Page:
Cookie Play

By Ken Prestininzitrap door theatre

Directed by Kate Hendrickson

Produced by Trap Door Theatre

Cookies Uneven, Need to be Thicker

To listen to an audio version of this play, Click Here

One thing the avant-garde should never be is intellectually lazy. Nestled in a tiny theatre at the end of an alley, Trap Door Theatre has enjoyed a long exchange with Eastern European artists and plays. However, their newest production, Cookie Play, is an original work by Ken Pristininzi. Although the acting, design, and direction are all done with great passion, the script drags out a bare bones story that is mainly an excuse to ironically serve up the homeland security rhetoric of 2004 for mockery.

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The story begins with a family and a pair of goons dancing to house music. This I enjoyed, because the goons, named Frank (Mike Steele) and Frank (Carl Wisniewski), are fluid dancers who could come up with enough moves to fill a pre-show that was extended due to weather delaying some audience members. They are occasionally joined by Harriet Penini (Lynday Rose Kane), whose house this is, and her adult son Tommy (Gage Wallace) while Harriet’s husband Jim (Chris Popio) sits despondently on a flag-draped couch watching a ridiculously outdated cabinet tv. Mike Mroch’s set design is at once quaint and jank as a colorful parody of suburban comfort. Once the show begins, it’s all creepy distorted noises (thanks to sound designer Danny Rockett) and a child’s voiceover, while the Franks drag Tommy away and his mother retreats into reading The Red Balloon.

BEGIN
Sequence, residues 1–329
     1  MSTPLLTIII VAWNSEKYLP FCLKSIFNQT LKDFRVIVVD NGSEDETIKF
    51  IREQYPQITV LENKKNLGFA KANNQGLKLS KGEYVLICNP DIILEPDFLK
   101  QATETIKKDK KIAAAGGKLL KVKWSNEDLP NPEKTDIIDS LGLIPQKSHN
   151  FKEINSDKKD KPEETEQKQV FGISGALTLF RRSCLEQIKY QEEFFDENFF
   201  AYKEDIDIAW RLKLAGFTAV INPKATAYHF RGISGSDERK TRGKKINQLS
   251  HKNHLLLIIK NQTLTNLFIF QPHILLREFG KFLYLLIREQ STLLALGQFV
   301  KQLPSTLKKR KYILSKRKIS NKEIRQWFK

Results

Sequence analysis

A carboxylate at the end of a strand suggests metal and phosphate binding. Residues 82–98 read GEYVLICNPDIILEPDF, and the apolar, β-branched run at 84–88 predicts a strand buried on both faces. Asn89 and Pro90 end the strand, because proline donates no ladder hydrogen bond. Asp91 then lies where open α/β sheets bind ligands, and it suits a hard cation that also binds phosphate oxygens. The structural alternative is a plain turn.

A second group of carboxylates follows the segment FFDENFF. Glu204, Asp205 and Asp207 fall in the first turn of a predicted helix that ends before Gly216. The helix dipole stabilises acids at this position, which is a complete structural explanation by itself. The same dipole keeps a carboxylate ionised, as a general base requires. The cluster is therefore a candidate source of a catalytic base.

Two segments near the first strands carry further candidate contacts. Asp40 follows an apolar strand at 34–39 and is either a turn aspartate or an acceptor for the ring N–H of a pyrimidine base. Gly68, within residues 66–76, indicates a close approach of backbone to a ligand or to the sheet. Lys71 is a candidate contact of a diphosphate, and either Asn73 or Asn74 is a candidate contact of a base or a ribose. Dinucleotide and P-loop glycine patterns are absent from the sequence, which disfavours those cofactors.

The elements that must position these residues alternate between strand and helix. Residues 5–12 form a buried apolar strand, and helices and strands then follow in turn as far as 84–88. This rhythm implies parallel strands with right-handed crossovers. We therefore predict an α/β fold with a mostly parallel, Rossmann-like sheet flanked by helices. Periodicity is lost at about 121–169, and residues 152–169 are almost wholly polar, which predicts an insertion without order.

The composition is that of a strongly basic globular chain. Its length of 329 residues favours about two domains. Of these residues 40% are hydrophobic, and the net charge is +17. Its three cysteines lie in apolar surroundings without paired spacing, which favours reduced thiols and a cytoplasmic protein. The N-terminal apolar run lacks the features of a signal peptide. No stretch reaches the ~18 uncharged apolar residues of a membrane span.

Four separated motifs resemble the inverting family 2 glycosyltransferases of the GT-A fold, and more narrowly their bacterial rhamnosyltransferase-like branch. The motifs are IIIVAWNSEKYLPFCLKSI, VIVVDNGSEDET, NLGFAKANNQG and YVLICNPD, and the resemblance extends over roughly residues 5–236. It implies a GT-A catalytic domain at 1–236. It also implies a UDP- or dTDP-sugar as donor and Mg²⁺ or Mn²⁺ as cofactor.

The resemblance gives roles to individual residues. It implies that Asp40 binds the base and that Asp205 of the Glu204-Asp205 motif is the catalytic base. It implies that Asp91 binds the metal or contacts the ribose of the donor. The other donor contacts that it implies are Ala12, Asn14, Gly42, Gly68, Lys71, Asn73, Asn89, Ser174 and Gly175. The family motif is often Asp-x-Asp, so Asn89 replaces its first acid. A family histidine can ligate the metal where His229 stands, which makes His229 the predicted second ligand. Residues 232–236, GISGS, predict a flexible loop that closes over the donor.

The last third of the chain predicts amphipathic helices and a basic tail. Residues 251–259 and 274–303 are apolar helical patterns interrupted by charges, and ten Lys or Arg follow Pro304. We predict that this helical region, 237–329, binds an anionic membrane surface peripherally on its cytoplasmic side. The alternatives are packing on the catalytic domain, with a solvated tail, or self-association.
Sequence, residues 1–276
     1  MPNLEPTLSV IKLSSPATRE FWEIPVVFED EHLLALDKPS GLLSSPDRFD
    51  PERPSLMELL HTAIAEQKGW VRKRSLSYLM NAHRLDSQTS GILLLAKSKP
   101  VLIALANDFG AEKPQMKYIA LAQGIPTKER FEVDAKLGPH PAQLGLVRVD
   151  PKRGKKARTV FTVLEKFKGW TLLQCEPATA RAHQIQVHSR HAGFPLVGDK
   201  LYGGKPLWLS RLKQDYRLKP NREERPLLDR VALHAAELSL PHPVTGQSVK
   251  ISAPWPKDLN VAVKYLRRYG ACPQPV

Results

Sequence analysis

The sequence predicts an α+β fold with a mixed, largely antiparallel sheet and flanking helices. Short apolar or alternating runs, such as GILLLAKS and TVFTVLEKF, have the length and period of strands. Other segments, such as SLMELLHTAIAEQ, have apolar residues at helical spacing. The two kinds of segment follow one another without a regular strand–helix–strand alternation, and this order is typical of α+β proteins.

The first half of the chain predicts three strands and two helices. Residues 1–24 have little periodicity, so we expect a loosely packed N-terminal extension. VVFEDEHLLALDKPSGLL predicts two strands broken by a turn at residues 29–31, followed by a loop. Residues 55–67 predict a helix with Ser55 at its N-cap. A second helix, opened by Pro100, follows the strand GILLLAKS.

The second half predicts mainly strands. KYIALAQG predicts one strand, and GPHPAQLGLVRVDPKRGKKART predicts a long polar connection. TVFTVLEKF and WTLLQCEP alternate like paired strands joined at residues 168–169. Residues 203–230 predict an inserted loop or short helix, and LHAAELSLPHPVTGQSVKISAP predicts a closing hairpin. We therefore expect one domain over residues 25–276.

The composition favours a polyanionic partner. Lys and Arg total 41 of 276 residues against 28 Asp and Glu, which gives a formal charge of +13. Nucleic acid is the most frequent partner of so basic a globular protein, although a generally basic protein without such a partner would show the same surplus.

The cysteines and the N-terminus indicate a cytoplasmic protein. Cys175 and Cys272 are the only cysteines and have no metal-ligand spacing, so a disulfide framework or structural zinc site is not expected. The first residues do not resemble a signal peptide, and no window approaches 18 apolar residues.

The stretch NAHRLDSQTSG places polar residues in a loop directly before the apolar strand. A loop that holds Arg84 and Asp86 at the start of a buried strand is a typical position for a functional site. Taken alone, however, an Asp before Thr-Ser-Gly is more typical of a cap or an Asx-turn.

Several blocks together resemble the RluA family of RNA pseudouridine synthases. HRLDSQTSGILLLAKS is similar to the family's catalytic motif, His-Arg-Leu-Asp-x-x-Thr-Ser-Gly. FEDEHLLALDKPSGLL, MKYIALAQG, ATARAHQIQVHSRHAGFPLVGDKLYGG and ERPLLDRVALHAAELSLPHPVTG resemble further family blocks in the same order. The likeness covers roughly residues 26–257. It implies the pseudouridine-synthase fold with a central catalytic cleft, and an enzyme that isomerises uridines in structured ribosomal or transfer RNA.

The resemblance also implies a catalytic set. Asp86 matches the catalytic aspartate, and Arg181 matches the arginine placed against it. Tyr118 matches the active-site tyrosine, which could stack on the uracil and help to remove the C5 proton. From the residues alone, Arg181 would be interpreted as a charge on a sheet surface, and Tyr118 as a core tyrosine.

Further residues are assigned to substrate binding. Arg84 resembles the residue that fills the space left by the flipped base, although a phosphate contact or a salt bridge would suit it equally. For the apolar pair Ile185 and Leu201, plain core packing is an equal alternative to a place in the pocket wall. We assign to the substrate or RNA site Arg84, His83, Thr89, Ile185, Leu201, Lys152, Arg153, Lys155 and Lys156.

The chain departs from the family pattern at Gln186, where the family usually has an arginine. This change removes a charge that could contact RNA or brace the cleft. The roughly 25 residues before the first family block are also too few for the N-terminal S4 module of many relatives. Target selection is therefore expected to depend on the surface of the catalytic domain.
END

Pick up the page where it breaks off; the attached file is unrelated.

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The Franks soon show up at the Peninis’ house in Dearborn, demanding the parents’ cooperation. It seems Tommy was a data analyst in an intelligence agency, but leaked sensitive information. The Franks have tried torturing him into revealing where he stored some flash drives, but he’s too tough, so they’re hoping his parents will get through to him. That, or allow their house to be used as a black site while the Franks torture their son some more.

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It’s an interesting set-up; too bad it takes up half the play. If the idea of paranoid clowns using a private residence as a torture site reminds you of Christopher Durang’s Why Torture is Wrong, and the People Who Love Them, you should know one important difference is Durang’s characters were far less stupid, craven, and obnoxious. Jim is a Reaganite and traditional Catholic. He’s suspicious of universities and other cultures, but he sincerely opines that America’s government only ever does good (about the most un-conservative statement imaginable). Harriet is the liberal who raised Tommy to be curious and respect everybody, but the moment the Franks show up, she begins unconvincingly posing as a right-wing fanatic. That, along with the trays of fresh cookies she delivers to the Franks, is supposed to win their favor, but she is in such a state of panic she babbles incoherently and is responsible for the communication failure that drags the play out endlessly. It’s Harriet who is willing to compromise anything if she gets to see her son again, even his safety, while Jim asserts his constitutional rights.